With the strong growth of China’s economy, an increasing number of people from Europe and America come to China seeking new job opportunities. According to the Ministry of Human Resources and Social Security, the amount of foreigners working in China stood at 244,000 end of 2013.

However, as the number of foreigners increases so do the issues. In the face of a new social environment, one needs to be aware of local laws and regulations.

Take as an example criminal responsibility. ‘This Law shall be applicable to anyone who commits a crime within the territory and territorial waters and space of the People’s Republic of China, except as otherwise specifically provided by law.’ It is important to understand that if a foreigner commits a crime in China, he/she will be punished according to local criminal law.

In some cases breaking the Criminal Laws in China may lead to much more severe punishments than in other countries for the same crime. For example, carrying illegal drugs is, in serious cases, punished by death.

Moreover, Article 32 provides that punishments are divided into principal punishments and supplementary punishments. The principal punishments are listed as public surveillance, criminal detention, fixed-term imprisonment, life imprisonment, and the death penalty. The supplementary punishments are as follows; fine, deprivation of political rights, and confiscation of property. If a foreigner is involved in a lawsuit, what means should he use to uphold his legitimate rights and interests? Assume they went through criminal detention due to suspicion of fraud.

Chinese laws dictate that the lawyer must be a Chinese; foreign lawyers cannot handle the case directly.

In the abovementioned situation, how can a foreign suspect entrust a Chinese lawyer to help? In accordance with the provisions of relevant laws (Article 9 and Article 36 of the Vienna Convention on Consular Relations), the suspect can ask the Ambassador or Minister of the consulate in China to entrust a Chinese lawyer in the name of the consulate but, generally speaking, the fee should be paid by the transgressor.

The responsibilities when drunk driving are such that if a foreign diver is drunk driving and violates the traffic regulations, he will be punished by Chinese law.

The traffic department can detain his/her driving license for three-month and fine ¥500. If the driver does not possess a driving license and he/she is drunk driving, he/she will be punished with three months’ detention and ¥2000 penalty.

According to the regulation of the law of road traffic safety of China, drunk driving will receive both administrative and criminal punishment. Precedent cases have shown that the punishment will not be remitted for foreigners who do not know about Chinese law. They will still receive severe punishment.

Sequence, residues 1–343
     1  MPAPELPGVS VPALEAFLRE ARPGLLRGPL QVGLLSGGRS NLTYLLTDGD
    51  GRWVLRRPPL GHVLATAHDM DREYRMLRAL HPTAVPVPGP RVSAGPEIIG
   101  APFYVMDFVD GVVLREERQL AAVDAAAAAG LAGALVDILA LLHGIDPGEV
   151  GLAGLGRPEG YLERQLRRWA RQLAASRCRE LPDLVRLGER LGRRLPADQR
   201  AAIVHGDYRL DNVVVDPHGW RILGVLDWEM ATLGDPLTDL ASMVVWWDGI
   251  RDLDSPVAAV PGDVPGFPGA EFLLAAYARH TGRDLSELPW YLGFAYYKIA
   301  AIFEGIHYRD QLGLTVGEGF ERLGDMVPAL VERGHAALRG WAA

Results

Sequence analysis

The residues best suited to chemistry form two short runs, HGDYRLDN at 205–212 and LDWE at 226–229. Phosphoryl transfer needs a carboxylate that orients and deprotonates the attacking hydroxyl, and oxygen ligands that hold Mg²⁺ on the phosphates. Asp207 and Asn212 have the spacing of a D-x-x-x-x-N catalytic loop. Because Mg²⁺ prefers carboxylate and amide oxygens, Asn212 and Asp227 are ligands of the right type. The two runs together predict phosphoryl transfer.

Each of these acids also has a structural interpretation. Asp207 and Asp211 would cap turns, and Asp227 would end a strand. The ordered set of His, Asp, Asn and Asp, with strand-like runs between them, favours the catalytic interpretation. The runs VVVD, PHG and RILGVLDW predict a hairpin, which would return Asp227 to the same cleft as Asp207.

In addition, as regards administrative violation, when foreigners and foreign organizations are conducting activities in the territory of China they will be administrated by the Chinese government and need to bear the corresponding administrative responsibility if they violate administrative obligations. There are certain measures for foreigners to bear the responsibility, such as departure in a certain time frame, deportation and forbidden to leave etc.

Foreigners who work in China must know about the content of the regulations on administration of foreigners employed in China. “Foreigners who work in China without the permission of the Ministry of Labour and Social Security will get penalty of ¥1000 and in the meantime terminate their work. If the circumstances are serious, they have to leave China in certain time limitation”.

Meanwhile, administrative regulations may cover the odds and ends of life in China, which is also necessary to be known by foreigners. For foreigners to live and avoid trouble in China, the best choice may get to be familiar with certain Chinese laws.

http://www.nanjingexpat.com/index.php/the-nanjinger/the-gavel/item/1495-the-gavel-may-2015-local-laws-and-regulations

Disclaimer
This article is intended solely for informational purposes and does not constitute legal advice. Although the information in this article was obtained from reliable official sources, no guarantee is made with regard to its accuracy and completeness.